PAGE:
SYDNEY OPEN LIBRARY

In our Sydney Open Library, you’ll find all of SUP’s open access books, including history, biography, politics, literary criticism, public health and more, all free to read.

AUSTRALIAN POETRY LIBRARY

Created by the University of Sydney and the Australian Copyright Agency, the Australian Poetry Library hosts tens of thousands of poems by Australian writers, plus recordings of poets reading their work.

INDIGENOUS MUSIC OF AUSTRALIA

Several books in our Indigenous Music of Australia series have companion websites, where you can learn about the music of Indigenous communities and stream audio and video recordings of musicians performing their songs

Book cover: Fighting Nature by Peta Tait

From Sydney Open Library:

Throughout the 19th century, animals were integrated into staged scenarios of confrontation, ranging from lion acts in small cages to large-scale re-enactments of war. Fighting Nature is an insightful analysis of the historical legacy of 19th-century colonialism, war, animal acquisition and transportation.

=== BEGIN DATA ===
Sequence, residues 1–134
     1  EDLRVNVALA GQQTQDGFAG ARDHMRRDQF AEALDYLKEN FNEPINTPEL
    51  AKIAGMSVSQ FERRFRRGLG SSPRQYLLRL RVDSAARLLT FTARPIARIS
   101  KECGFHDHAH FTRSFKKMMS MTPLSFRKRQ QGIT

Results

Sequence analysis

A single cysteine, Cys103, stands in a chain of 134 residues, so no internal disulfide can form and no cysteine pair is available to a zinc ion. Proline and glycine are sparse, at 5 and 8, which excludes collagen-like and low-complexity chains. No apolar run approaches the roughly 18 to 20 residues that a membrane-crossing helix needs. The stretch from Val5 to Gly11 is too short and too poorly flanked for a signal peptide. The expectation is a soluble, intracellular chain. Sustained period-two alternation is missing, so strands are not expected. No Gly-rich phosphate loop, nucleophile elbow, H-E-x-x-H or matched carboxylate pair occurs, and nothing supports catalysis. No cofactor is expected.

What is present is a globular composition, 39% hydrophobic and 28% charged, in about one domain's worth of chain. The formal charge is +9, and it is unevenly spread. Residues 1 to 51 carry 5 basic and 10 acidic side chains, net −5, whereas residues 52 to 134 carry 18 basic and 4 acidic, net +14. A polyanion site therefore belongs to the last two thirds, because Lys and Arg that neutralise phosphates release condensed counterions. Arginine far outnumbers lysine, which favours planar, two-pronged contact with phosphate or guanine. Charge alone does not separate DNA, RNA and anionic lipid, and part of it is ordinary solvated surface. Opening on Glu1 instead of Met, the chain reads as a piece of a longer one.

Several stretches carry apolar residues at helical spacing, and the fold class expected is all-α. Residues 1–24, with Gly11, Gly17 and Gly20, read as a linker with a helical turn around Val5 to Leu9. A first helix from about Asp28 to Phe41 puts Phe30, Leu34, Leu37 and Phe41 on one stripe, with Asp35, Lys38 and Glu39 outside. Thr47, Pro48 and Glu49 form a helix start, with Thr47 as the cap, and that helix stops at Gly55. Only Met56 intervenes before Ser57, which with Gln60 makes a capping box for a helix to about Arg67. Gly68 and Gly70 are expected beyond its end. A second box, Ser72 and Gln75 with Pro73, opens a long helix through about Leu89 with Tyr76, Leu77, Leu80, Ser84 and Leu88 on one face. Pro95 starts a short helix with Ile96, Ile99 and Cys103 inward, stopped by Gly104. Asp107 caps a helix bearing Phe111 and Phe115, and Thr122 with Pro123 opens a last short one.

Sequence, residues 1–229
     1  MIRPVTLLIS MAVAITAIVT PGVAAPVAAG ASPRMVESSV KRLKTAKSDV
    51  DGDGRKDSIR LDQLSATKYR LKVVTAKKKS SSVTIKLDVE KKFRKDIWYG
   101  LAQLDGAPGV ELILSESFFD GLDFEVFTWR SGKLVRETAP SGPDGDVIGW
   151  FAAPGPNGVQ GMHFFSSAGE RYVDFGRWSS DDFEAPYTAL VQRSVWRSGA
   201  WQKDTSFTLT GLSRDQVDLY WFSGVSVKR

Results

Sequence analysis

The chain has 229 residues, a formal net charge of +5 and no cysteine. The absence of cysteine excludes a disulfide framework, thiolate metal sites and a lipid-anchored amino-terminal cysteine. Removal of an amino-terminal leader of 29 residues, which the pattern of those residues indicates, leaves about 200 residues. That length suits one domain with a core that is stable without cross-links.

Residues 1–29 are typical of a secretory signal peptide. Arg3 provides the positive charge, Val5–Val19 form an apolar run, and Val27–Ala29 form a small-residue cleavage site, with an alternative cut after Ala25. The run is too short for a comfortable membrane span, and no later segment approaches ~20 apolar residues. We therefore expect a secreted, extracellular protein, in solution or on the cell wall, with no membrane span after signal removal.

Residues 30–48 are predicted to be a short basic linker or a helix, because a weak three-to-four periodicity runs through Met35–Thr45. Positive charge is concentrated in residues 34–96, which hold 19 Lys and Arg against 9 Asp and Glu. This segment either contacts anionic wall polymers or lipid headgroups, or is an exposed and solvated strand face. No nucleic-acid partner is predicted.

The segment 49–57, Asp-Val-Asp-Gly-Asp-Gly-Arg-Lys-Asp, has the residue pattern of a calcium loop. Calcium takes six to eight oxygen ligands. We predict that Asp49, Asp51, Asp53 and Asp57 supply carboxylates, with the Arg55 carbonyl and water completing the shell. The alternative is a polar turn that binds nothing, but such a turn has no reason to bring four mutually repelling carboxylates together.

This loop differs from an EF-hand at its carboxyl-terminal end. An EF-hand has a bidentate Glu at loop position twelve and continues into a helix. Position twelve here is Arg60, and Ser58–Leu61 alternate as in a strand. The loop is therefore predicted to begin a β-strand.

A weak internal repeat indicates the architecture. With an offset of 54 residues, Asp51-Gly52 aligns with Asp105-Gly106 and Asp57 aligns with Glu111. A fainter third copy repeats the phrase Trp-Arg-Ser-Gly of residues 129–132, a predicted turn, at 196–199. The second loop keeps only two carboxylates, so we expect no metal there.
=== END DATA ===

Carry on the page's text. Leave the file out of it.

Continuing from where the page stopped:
Book Cover: Singing Bones - ancestral Creativity and Collaboration by Samuel Curkpatrick

From Indigenous Music of Australia:

Manikay are the ancestral songs of Arnhem Land, passed down over generations and containing vital cultural knowledge.

Singing Bones foregrounds the voices of manikay singers from Ngukurr in southeastern Arnhem Land, and charts their critically acclaimed collaboration with jazz musicians from the Australian Art Orchestra, Crossing Roper Bar. It offers an overview of Wägilak manikay narratives and style, including their social, ceremonial and linguistic aspects, and explores the Crossing Roper Bar project as an example of creative intercultural collaboration and a continuation of the manikay tradition.